Richard Dumas

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For other people named Richard Dumas, see Richard Dumas (disambiguation).
Richard Dumas
Personal information
Born (1969-05-19) May 19, 1969 (age 46)
Tulsa, Oklahoma
Nationality American
Listed height 6 ft 7 in (2.01 m)
Listed weight 200 lb (91 kg)
Career information
High school Booker T. Washington
(Tulsa, Oklahoma)
College Oklahoma State (1987–1990)
NBA draft 1991 / Round: 2 / Pick: 46th overall
Selected by the Phoenix Suns
Pro career 1990–2003
Position Small forward
Number 21, 12, 7
Career history
1990–1991 Hapoel Holon (Israel)
1991–1992 Oklahoma City Cavalry (CBA)
1992 Treasure Coast Tropics (USBL)
1992–1993, 1995 Phoenix Suns
1995–1996 Philadelphia 76ers
1997 Atléticos de San Germán (Puerto Rico)
1997–1998 Montpellier (France)
1998–1999 Znicz Pruszków (Poland)
1999 New Hampshire Thunder Loons (USBL)
1999–2000 HKK Široki (Bosnia and Herzegovina)
2000 Derby Storm (United Kingdom)
2000 Fargo-Moorhead Beez (IBA)
2001 Oklahoma Storm (USBL)
2001–2002 Wilmington Wave Rockers (CBL)
2002–2003 Frontier City River Dogz (MBA)
2003 Westchester Wildfire (USBL)
Career highlights and awards
Career NBA statistics
Points 1,080 (10.6 ppg)
Rebounds 351 (3.4 rpg)
Assists 111 (1.3 spg)
Stats at Basketball-Reference.com

Richard Wayne Dumas (born May 19, 1969) is a retired American professional basketball player. Born in Tulsa, Oklahoma, he is the son of former American Basketball Association player Rich Dumas.[1]

Basketball career[edit]

Dumas, a 6'8" small forward from Oklahoma State University, was selected with the 46th pick of the 1992 NBA Draft by the Phoenix Suns. During the 1992-93 season, however, Dumas was suspended from the NBA for violating its substance abuse policy.[2] Dumas played in Israel for Hapoel Holon during his suspension. His rookie campaign commenced 19 games into the Suns' stellar 1992-93 season, averaging 15.8 points and 4.6 rebounds per game while helping the team to a league-best 62 wins and an NBA Finals appearance. Because of his performance during his first season in the NBA, Dumas received NBA All Rookie Second Team honors.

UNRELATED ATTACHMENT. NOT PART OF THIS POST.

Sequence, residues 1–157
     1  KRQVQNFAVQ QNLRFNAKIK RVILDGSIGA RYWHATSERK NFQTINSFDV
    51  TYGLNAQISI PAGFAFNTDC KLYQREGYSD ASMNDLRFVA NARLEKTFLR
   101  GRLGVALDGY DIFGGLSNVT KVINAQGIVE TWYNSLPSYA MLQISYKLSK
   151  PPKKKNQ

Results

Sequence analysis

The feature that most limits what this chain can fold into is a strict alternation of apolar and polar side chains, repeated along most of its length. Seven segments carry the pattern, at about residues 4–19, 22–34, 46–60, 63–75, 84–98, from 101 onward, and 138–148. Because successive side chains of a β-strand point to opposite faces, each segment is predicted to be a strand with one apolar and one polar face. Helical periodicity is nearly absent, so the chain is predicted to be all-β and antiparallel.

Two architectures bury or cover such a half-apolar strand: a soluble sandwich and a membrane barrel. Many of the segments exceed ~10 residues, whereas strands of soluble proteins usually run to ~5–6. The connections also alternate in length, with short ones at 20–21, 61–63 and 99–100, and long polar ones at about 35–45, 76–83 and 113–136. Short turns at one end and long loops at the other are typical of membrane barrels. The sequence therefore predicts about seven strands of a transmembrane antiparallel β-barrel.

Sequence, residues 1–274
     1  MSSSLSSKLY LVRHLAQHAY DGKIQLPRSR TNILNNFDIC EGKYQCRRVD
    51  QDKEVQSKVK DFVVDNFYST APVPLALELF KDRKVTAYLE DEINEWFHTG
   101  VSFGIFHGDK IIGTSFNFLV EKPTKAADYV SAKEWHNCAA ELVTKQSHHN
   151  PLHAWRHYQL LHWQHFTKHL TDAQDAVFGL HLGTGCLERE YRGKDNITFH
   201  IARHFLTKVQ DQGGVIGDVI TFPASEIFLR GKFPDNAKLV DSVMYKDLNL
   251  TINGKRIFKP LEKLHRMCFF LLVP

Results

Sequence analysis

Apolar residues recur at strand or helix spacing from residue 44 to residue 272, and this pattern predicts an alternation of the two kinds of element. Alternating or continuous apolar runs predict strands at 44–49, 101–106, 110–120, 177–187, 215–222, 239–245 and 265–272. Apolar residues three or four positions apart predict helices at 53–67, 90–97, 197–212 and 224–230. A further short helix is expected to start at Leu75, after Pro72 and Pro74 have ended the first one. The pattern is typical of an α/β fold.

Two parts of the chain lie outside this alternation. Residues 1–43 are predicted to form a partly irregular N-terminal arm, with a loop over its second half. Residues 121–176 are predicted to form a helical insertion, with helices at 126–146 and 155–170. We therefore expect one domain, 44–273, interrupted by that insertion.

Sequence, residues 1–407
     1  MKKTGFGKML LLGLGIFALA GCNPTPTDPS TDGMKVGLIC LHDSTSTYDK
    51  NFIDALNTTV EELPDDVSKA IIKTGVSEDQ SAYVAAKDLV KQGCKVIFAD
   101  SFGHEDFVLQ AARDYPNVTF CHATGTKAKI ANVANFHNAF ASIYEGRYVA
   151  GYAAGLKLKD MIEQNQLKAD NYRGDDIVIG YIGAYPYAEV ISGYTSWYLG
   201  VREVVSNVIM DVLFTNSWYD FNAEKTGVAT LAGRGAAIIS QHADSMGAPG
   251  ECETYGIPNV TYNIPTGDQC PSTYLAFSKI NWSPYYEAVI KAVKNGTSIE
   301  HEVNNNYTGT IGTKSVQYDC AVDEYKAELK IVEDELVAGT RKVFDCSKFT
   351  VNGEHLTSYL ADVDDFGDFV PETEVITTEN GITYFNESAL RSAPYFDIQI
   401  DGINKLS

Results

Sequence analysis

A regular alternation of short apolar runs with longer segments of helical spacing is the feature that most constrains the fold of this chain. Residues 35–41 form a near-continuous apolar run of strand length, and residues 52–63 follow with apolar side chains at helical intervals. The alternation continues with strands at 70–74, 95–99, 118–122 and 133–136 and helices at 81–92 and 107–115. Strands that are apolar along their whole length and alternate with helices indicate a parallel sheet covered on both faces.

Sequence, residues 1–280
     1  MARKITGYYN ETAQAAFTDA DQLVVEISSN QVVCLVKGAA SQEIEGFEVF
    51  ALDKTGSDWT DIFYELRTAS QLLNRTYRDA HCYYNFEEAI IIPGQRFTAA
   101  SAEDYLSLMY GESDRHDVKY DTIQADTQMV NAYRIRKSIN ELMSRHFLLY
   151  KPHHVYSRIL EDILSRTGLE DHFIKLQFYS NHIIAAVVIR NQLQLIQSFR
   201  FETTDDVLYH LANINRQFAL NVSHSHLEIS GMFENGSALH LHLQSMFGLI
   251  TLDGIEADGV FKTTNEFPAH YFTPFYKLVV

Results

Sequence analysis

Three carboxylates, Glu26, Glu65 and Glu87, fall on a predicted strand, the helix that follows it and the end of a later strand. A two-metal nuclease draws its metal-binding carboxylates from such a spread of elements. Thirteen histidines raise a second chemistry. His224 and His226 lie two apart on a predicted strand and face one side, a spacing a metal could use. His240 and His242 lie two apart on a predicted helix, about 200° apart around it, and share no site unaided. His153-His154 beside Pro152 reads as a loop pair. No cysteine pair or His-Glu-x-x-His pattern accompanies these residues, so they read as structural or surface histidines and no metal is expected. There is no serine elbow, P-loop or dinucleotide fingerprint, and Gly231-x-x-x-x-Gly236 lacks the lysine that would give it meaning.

Following a stint in rehab, he returned in 1995 to the Phoenix Suns, averaging just 5.5 points in 15 games in his final season with that team. Under the influence of head coach John Lucas, Dumas concluded his brief NBA career with a season with the 76ers, averaging 6.2 points in 39 games.

He then continued his professional career overseas, for Gymnastikos S. Larissas in Greece, Pekaes Pruszkow (1998–99) in Poland, as well as for the Westchester Wildfire of the United States Basketball League.

Dumas retired from basketball in 2003.[citation needed]

Personal life[edit]

Dumas was arrested by Federal Agents December 19, 2013 on eight felony charges of alleged Organized Retail Theft. He was taken into Federal Custody at his Dumas Youth Sports Club in Litchfield Park, Arizona. Dumas was one of 151 people taken into custody by the Federal Marshal's Service.[3] His trial is scheduled for September 15, 2014. [4] Dumas pleaded guilty to theft on Thursday December 11 2014. On January 20th, 2015, Dumas was sentenced to three years of probation in a case stemming from thefts from a store on a military base, he was sentenced Tuesday by Judge Sam Myers of Maricopa County Superior Court under a plea agreement with prosecutors. "Authorities say Dumas stole about $800 worth of merchandise from a Luke Air Force Base store while working with a janitorial service. They say Dumas was seen on surveillance cameras taking cigarettes, alcohol, food, DVDs and shoes". [5]

References[edit]

  1. ^ "Like father, like son: Former Phoenix Suns forward Richard Dumas’ NBA fizzle has roots". AZCentral.com. 2013-05-24. Retrieved 2014-01-08. 
  2. ^ "Richard Dumas on'93". NBA.com. 2003-06-13. Retrieved 2009-04-05. 
  3. ^ "U.S. Marshals arrest 151 in Operation Grinch Stopper 2". AZFamily.com. 26 Dec 2013. Retrieved 17 June 2014. 
  4. ^ "Sept. 15 trial set for former Phoenix Suns player Richard Dumas". Associated Press. 17 June 2014. Retrieved 17 June 2014. 
  5. ^ "Probation for ex-Sun Richard Dumas". ESPN. Retrieved 20 January 2015. 

External links[edit]